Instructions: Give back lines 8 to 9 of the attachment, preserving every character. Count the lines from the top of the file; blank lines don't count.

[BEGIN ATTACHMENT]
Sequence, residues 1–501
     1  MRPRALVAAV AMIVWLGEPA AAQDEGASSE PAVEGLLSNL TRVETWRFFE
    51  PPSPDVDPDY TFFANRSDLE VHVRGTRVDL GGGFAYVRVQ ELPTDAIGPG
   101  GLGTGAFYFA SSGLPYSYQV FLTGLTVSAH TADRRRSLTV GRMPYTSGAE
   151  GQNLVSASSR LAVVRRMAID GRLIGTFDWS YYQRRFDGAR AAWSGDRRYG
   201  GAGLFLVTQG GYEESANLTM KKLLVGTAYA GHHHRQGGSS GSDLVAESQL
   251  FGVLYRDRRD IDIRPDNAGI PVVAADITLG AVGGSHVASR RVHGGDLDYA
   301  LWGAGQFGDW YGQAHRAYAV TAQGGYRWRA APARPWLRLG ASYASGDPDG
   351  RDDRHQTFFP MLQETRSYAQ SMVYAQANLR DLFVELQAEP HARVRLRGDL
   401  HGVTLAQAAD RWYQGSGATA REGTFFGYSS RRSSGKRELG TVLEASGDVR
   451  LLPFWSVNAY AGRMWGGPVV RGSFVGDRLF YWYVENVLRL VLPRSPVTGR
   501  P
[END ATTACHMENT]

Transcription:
   301  LWGAGQFGDW YGQAHRAYAV TAQGGYRWRA APARPWLRLG ASYASGDPDG
   351  RDDRHQTFFP MLQETRSYAQ SMVYAQANLR DLFVELQAEP HARVRLRGDL